Courses of study offered for learners over the age of compulsory schooling. Sometimes used synonymously with evening classes, adult education encompasses a very wide range of provision, including prison education, education in the armed forces, adult literacy classes, and church‐based learning groups, as well as local authority and Workers’ Educational Association provision. It has a long history closely associated with ideals of social reform, self‐help, and self‐improvement, particularly among social classes who could not access adequate schooling or higher education. Direct forerunners of adult education were the ‘adult and benevolent evening schools’, the ‘young men's reformation and mental improvement societies’, and the mechanics' institutes of the 19th century. By the 21st century, however, adult education has lost much of its earlier, radical image. Theory related to the education of adults constitutes in itself a field of academic study, sometimes referred to as androgogy, to distinguish it from pedagogy, the theory related to the teaching of children. It is argued, for example, that some key characteristics can be associated with adult learners, which must be taken into account if they are to be helped to learn effectively. These include:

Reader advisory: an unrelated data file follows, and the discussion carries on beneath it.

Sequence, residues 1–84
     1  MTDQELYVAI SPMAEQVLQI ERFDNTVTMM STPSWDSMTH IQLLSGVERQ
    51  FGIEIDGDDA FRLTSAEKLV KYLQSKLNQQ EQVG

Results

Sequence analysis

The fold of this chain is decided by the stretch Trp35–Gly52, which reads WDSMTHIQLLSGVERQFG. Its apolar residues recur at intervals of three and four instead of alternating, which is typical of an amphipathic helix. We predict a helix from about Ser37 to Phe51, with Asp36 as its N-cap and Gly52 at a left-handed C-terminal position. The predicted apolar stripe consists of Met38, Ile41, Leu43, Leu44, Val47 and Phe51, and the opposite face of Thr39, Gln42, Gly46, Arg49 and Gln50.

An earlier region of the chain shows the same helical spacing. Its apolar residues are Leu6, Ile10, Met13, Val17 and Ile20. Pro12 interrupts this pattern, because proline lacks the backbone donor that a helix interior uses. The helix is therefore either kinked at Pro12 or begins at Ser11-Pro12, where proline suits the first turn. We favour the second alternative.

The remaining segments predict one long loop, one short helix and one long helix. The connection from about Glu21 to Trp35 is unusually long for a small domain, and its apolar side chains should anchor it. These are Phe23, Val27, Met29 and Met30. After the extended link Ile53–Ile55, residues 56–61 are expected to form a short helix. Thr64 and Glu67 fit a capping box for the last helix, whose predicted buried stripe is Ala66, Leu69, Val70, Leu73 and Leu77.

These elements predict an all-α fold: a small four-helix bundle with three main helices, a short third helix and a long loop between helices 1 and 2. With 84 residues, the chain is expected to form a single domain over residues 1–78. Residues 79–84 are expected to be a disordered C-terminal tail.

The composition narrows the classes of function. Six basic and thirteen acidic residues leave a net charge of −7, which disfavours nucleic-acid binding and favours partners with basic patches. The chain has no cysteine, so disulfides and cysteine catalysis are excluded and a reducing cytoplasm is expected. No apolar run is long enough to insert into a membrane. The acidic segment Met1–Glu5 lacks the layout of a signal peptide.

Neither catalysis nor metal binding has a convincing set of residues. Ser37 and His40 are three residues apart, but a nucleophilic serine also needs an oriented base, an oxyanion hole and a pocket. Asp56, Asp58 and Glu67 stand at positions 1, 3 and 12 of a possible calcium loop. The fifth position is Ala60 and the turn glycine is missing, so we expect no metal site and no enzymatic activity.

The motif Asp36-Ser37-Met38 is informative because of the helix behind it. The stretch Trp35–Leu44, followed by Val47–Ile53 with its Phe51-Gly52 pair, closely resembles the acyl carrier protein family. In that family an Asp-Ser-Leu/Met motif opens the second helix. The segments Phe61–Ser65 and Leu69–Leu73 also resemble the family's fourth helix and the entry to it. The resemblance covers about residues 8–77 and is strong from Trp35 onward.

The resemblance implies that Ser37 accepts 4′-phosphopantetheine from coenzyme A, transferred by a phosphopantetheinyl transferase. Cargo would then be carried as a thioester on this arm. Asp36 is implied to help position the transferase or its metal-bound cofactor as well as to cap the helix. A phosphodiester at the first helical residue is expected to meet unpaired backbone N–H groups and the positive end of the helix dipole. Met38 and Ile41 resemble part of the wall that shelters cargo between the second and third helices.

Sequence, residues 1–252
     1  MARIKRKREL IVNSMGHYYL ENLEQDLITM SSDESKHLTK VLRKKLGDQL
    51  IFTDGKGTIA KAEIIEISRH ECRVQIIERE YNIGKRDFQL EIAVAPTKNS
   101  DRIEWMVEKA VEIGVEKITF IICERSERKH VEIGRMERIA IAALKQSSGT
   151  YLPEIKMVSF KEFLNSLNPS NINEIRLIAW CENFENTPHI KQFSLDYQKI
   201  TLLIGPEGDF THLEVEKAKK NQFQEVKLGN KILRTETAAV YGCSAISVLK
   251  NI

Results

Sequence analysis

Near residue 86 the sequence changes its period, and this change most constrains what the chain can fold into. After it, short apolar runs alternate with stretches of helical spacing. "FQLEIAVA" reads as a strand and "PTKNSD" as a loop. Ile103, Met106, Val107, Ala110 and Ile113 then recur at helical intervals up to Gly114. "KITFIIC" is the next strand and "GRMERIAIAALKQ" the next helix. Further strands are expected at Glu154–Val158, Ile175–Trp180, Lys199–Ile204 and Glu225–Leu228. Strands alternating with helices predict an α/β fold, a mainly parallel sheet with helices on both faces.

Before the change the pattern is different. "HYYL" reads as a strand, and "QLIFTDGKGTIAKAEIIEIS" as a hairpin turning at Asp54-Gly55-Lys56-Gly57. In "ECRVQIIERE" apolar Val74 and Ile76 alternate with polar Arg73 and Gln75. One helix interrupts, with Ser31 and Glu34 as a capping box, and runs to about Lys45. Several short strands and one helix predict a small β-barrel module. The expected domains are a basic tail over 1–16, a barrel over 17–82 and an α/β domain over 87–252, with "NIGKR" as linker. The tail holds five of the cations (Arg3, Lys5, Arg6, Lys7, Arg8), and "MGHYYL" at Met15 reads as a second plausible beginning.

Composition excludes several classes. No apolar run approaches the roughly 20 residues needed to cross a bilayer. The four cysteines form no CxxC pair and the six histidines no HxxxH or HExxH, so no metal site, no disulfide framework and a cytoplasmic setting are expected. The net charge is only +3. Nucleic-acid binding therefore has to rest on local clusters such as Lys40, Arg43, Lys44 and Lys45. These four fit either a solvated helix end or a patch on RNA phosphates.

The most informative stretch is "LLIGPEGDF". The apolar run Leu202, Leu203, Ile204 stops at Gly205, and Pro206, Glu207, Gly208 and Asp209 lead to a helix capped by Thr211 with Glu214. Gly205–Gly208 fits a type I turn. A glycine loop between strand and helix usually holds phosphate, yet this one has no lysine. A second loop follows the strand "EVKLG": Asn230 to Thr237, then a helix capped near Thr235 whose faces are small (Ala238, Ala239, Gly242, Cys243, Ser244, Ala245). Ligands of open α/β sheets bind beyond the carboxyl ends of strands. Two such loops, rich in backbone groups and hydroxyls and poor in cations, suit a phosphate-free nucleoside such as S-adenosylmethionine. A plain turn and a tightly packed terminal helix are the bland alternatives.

Roger Fieldhouse and Associates A History of Modern British Adult Education (NIACE, 1996).